All music has some sort of purpose. Even the most basic, surface-level songs can be really fun and bring joy in an effective way. For me though, I feel so seen when I hear other people struggling with the same things I do and offering some sort of solution to it. Even if there really is no solution, I’ve been to a thousand concerts where I’m in the crowd with a bunch of other people who are crying to the same song as me, and I like to think if my music can provide that for somebody, that would be really cool.
Are we learning a lot about your personal struggles from your lyrics?
talker: Oh, completely. Everything is a personal experience on that EP. I wrote a couple of the songs completely alone in my room in a very confessional style, and I co-wrote the others with some of my collaborators, but it was all from my own personal experience – whatever I was going through at the time.
When I think about the term “Horror Films,” I imagine those internal narratives we tell ourselves over and over about how we messed up or why we aren’t good enough. What does it mean to you?
talker: I think you really hit it right on the head. These ideas always develop and take on new meaning as we go through our lives. The title track itself stems from a relationship I had, and it really is the only romance song I have. It’s funny because it’s so creepy and not romantic at all (laughs). But anyway, I got to this point with this person and realized everything had all been surface-level until then. I wanted to dig a little deeper and see, you know, the things that scare you. What are the things you’re worried about? What is your darker side? Not necessarily darker in a nefarious way, but the parts you tend to keep hidden. What do you want in life? What are you afraid of? What do you love? All these things that I might not necessarily chat about with a random stranger. I wanted to go down that subconscious route with this person. Looking at that song, it made sense to name the EP after it overall.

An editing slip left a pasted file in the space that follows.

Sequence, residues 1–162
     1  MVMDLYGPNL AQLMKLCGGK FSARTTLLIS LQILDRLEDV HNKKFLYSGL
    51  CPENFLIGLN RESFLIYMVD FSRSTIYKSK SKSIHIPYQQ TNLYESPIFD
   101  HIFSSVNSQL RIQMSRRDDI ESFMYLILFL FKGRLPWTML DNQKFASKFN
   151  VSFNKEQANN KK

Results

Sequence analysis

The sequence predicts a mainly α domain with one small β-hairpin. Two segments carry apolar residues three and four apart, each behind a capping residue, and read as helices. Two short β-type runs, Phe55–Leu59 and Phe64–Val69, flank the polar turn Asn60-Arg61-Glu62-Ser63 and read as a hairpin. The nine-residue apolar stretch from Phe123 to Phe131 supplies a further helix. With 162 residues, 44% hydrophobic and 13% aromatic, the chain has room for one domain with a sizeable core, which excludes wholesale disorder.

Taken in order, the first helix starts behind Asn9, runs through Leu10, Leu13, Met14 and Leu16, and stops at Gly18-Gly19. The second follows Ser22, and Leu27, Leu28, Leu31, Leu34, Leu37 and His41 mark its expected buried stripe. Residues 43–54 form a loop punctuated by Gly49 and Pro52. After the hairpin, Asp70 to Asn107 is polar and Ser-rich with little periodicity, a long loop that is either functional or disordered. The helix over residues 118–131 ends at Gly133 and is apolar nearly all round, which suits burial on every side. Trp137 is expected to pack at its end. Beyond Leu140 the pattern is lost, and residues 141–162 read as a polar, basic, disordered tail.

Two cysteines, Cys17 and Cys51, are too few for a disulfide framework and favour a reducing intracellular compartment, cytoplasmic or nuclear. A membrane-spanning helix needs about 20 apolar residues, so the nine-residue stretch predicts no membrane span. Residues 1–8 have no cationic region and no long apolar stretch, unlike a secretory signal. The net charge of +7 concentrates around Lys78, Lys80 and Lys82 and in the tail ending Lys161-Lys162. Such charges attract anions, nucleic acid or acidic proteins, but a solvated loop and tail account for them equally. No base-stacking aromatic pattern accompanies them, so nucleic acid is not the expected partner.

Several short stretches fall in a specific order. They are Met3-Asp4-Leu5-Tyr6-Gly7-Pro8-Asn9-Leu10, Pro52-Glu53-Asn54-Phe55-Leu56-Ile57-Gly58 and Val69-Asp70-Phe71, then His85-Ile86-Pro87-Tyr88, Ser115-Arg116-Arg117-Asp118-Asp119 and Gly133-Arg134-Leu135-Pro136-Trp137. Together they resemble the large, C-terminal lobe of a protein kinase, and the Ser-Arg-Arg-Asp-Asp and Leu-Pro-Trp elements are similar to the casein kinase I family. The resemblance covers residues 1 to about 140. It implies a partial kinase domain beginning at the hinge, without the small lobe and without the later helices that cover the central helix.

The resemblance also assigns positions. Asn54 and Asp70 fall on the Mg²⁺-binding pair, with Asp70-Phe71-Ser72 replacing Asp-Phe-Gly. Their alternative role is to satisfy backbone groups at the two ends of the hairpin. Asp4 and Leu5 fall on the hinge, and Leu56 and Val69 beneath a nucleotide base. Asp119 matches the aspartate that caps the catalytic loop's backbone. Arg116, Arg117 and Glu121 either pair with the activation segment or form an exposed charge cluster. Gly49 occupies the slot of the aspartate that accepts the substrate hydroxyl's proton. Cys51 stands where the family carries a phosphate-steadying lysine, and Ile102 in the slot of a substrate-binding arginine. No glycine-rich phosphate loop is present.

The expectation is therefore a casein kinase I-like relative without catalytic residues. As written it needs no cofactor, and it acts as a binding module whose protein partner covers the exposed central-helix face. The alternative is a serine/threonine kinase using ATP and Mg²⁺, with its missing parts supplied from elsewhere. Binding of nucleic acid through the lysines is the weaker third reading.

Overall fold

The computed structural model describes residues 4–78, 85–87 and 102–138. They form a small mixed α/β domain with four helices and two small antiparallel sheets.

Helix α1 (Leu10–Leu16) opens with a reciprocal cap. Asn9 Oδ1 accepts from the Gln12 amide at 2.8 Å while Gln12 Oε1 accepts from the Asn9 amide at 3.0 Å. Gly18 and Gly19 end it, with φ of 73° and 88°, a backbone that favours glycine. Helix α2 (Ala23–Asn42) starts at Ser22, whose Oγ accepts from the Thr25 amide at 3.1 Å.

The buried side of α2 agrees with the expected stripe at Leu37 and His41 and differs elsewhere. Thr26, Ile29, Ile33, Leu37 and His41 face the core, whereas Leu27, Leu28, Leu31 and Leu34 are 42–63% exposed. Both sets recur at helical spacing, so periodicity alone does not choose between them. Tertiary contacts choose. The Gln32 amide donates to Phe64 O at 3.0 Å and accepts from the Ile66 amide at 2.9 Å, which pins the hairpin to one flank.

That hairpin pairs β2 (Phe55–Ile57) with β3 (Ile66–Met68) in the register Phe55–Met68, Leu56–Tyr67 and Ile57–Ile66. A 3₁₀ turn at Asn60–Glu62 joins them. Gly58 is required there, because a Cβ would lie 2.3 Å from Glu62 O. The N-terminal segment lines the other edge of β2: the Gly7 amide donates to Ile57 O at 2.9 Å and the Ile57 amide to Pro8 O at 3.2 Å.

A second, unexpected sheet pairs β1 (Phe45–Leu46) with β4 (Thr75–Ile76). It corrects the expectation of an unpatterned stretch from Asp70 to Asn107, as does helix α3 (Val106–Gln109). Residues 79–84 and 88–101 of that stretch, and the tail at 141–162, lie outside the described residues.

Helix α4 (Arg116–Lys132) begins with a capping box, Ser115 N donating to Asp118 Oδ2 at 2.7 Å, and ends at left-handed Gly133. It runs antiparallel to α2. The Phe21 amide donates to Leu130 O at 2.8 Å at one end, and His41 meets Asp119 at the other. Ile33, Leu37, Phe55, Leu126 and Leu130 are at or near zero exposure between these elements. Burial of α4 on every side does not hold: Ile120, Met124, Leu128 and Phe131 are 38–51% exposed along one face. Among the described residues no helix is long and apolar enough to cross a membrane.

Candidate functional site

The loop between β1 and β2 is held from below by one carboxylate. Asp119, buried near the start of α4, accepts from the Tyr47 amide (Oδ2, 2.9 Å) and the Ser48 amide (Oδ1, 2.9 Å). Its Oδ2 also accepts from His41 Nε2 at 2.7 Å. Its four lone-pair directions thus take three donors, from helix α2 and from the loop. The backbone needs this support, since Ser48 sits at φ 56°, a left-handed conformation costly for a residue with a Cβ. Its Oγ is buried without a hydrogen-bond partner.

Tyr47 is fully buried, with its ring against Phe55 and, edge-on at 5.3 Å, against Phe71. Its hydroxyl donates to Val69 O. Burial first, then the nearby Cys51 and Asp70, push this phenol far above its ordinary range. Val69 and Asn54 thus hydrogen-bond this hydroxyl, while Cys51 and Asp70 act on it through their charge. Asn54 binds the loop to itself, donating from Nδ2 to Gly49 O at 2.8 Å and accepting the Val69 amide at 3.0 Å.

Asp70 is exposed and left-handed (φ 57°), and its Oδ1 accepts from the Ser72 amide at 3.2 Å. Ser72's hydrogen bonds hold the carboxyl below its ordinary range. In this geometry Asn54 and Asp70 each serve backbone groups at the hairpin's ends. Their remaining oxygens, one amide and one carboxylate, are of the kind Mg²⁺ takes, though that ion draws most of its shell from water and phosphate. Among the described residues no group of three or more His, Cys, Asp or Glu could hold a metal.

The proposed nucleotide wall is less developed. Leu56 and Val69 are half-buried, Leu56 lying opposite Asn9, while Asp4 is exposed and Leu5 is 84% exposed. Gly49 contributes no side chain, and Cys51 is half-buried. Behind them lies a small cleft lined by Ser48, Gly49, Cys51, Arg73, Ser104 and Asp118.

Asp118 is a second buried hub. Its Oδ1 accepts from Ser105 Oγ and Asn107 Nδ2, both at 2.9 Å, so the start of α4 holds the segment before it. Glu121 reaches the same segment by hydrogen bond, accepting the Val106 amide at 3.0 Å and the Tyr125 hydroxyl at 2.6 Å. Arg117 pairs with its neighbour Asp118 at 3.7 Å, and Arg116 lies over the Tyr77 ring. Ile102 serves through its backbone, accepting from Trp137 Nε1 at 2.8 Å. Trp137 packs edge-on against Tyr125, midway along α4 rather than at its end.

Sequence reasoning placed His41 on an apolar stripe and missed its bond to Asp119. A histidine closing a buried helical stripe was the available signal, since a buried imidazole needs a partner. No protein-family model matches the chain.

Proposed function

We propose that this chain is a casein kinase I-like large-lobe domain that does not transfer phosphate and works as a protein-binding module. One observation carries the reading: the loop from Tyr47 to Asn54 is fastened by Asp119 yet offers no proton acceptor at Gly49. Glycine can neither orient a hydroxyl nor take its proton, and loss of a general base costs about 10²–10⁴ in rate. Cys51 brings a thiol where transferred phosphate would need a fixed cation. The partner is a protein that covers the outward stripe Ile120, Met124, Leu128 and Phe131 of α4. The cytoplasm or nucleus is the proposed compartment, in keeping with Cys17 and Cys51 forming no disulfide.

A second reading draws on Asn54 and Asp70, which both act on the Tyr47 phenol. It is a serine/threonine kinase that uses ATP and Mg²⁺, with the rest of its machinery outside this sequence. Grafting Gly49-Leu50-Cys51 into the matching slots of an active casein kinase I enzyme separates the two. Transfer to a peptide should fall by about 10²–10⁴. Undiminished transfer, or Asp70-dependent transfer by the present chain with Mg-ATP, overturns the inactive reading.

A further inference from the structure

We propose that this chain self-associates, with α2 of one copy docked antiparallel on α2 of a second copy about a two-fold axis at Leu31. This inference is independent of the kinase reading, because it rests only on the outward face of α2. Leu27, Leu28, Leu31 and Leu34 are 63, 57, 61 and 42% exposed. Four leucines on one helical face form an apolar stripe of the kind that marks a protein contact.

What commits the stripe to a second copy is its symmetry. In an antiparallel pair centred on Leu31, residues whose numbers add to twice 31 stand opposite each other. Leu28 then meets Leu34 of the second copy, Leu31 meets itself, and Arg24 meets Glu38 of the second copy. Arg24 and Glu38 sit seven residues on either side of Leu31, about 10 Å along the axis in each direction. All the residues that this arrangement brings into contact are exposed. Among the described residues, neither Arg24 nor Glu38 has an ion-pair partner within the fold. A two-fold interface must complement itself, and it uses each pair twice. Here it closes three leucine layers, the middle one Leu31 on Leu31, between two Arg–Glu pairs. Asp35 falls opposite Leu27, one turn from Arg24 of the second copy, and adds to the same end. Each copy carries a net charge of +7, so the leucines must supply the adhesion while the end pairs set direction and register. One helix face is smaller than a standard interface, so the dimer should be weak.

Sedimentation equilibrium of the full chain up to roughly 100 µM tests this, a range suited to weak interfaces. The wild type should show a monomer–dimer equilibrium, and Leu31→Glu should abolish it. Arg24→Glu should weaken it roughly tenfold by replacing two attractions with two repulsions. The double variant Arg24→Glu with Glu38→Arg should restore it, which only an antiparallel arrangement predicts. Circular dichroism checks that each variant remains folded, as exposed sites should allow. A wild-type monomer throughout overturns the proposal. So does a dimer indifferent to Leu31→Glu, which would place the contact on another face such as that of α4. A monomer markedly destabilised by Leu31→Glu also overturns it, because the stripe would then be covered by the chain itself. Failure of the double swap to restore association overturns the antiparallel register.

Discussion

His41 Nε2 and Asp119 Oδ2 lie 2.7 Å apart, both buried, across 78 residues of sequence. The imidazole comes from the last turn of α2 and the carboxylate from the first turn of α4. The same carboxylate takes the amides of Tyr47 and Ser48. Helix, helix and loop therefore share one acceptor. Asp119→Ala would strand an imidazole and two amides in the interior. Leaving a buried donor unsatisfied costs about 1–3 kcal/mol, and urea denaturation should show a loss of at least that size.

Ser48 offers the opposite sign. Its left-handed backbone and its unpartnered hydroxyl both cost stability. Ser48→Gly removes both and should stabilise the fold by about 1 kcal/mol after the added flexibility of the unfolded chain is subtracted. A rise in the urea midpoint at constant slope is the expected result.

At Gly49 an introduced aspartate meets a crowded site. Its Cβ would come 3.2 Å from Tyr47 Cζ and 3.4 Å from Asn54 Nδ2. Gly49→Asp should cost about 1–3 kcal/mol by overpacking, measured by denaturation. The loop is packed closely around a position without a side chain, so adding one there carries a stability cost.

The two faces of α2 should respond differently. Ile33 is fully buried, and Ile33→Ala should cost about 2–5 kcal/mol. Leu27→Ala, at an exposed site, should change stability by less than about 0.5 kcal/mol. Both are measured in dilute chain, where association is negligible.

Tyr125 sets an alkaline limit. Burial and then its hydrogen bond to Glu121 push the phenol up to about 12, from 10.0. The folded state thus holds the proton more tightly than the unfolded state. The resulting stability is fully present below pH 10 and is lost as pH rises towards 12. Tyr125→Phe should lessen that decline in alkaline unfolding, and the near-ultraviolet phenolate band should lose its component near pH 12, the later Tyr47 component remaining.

I think the irony there is that although you may not want to talk about these things with a random stranger, they’re on your EP now and anyone can listen to them.
talker: I know. It’s crazy that it works that way, but I think there are a lot of musicians who would do the same thing. There’s something less scary about putting it into a song and putting it out into the whole world than having a one-on-one conversation. Personally I struggle so much to communicate with people in that type of setting and to be vulnerable. But on the flipside I will totally write the most dark and bare-all lyrics and send them out there. Then I’ll just be like, “Oops! I hope nobody realizes what this is.”
When I’m not writing for Atwood Magazine, I pen a lot of creative nonfiction about my life. Often when I go back and see what I’ve published, I think, “Wow! I shouldn’t have talked about that.”
talker: I do think there is this mentality at least in our culture that art is very separate from someone’s actual thoughts and feelings – that you can always dramatize or expand upon something. That seems weird to me. We’re in this place where art is seen as this separate thing where you can say whatever you want, but you can’t in your personal life. I think that’s probably a big reason why a lot of artists and musicains are so fucked up. They’re encouraged vent in their art, but end up repressing themselves and never deal with it in a healthy way outside of that creation.